Unfortunately, they don't offer iPhone compatible 3G everywhere -- they're adding more often enough and rumor / macrumor has it they'll launch LTE and / or sell iPhone themselves early this year.

  • Reply 28 of 48
    nasseraenasserae Posts: 3,157member
    wubbus wrote: »
    I would love some hard data on what it uses both on wi-fi and 3G (if there is any difference).  Mainly on wi-fi though.  My parents have their iPad on wi-fi but their ISP only allows 3GB per month (it's a wireless modem, rural area) so they are scared of using too much FaceTime and getting big overage charges.  Result...they basically never use it out of fear of big bills.  I'd love to be able to do some rough math and tell them how much they could reasonably FaceTime per month while still allowing for their other internet usage amounts.  

    Any relevant data is appreciated!

    My call log shows 15MB per minute for WiFi FaceTime and ~3MB per minute over LTE. You can check how much data a FaceTime call used by going to your calls log.
  • Reply 29 of 48
    cash907cash907 Posts: 893member

    Quote:

    Originally Posted by SolipsismX View Post





    You mean like how the original iPhone's camera could support video through a jailbreak app that took photos at about 10fps. A more sensible individual would couldn't more than what is technically capable with a hack.


     


    No, I mean how it can be enabled to perform exactly the SAME as the 4S. There were several side by side comparisons showing performance was identical on both handsets.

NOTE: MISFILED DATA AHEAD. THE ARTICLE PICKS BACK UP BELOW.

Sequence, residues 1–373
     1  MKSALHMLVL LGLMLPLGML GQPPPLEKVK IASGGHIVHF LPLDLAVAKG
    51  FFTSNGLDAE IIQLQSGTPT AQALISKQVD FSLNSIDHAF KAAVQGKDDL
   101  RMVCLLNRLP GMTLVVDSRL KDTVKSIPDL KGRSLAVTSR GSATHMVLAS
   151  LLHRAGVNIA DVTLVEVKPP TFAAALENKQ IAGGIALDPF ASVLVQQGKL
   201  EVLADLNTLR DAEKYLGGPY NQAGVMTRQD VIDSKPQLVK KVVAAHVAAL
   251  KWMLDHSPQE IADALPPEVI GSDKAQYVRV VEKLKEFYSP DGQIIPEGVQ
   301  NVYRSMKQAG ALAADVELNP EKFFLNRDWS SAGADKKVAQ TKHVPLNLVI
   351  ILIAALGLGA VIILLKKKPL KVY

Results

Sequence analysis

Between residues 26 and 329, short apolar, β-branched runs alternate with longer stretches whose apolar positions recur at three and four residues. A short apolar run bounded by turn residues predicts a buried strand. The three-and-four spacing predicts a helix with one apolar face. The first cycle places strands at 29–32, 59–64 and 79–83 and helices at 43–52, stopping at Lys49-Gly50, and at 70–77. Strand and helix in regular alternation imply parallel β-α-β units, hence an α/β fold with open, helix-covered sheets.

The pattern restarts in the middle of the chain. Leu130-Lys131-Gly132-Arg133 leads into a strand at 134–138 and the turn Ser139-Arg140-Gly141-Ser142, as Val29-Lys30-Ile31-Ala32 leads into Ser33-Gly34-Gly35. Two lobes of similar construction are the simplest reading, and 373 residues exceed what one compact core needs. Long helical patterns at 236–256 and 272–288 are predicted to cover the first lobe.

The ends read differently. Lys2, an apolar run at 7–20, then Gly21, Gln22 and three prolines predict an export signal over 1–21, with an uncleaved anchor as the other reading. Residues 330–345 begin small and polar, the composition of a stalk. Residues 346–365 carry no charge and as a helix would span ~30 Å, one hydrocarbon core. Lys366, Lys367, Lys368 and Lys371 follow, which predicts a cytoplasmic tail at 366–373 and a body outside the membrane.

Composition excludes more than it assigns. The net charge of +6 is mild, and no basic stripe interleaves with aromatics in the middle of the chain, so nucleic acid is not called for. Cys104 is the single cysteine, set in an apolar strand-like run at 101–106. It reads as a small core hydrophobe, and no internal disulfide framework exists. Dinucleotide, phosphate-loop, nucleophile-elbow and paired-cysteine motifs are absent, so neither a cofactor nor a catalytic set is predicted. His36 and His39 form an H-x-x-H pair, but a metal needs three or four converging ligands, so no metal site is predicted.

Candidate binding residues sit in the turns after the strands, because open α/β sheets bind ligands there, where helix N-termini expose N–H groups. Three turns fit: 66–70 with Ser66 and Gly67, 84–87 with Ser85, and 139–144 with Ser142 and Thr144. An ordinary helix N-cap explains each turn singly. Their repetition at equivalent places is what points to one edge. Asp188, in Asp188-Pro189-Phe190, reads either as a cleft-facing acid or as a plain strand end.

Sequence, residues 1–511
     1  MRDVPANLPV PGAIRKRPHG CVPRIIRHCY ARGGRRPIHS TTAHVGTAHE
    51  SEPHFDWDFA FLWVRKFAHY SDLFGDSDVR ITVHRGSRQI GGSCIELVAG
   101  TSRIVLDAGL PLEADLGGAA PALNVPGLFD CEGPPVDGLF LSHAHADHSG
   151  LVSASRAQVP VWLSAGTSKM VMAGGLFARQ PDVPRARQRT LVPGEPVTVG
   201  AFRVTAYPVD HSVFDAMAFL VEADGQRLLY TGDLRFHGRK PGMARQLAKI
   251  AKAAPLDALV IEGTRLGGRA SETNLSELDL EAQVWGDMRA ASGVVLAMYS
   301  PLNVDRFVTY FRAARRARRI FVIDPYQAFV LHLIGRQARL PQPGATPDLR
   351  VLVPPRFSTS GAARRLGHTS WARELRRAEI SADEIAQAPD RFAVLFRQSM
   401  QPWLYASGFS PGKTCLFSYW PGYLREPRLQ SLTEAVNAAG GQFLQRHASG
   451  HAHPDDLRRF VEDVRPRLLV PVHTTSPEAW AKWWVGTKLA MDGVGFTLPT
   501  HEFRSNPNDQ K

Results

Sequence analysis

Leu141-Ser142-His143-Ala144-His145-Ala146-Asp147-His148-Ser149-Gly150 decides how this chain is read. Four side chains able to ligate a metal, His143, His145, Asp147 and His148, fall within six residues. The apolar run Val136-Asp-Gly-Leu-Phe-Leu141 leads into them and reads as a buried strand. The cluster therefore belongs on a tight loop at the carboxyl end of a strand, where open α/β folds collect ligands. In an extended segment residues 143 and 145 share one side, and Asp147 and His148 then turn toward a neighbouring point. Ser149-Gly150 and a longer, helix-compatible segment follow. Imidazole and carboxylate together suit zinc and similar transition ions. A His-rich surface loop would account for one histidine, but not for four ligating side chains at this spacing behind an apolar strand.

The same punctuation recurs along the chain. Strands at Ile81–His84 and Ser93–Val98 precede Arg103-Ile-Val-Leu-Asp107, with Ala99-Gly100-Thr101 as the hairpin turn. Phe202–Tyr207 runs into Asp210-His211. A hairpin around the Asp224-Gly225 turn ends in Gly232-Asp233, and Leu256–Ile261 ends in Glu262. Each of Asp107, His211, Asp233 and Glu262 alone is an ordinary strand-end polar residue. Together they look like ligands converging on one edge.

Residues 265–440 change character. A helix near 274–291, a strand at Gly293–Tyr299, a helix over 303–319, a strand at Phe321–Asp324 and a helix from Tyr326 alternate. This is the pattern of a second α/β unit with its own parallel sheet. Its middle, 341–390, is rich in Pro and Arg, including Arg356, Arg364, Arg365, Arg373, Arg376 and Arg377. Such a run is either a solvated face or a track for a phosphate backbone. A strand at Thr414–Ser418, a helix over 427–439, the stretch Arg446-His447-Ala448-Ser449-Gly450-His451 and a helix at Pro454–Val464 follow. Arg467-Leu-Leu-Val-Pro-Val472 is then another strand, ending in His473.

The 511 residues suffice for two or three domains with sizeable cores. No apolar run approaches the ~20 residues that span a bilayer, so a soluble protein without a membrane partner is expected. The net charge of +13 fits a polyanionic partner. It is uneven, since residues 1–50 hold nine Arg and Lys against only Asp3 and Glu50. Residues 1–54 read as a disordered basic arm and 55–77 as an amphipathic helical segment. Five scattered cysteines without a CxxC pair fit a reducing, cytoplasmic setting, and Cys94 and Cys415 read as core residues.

Besides, FaceTime on the iPhone 4 doesn't adjust it's quality based on the strength/speed of the connection, which may be why AT&T doesn't want it using cellular data. It either works or it doesn't, depending on the whether or not it's data connection (cellular or wifi) meets it's minimum requirements. It also doesn't matter if it is connecting over cellular or WiFi, as the program behaves the same regardless of modem used. The only thing the "hack" does is fool the process trigger that asks the phone "am I connected to wifi?" into replying "Yes" whether it is or isn't. Otherwise the function and performance of the app is left unchanged. Huge difference from the example you gave.

  • Reply 30 of 48

    Quote:

    Originally Posted by NasserAE View Post





    My call log shows 15MB per minute for WiFi FaceTime and ~3MB per minute over LTE. You can check how much data a FaceTime call used by going to your calls log.


    Thanks for the tip.

  • Reply 31 of 48

    Quote:

    Originally Posted by LarryA View Post





    I think it's less to incentivize people to move off of unlimited plans, and more to simply make additional money from tiered customers. All the new plans are limited. Why not give those users every opportunity to incur extra data charges? There is no such opportunity with unlimited data plans.


    They want to do both. They want to turn grandfathered unlimited subscribers into tiered subscribers so they can charge for more data. They also would like to get more data usage out of tiered subscribers by offering Facetime and over cellular and other tiered-exclusive goodies to those tiered subscribers.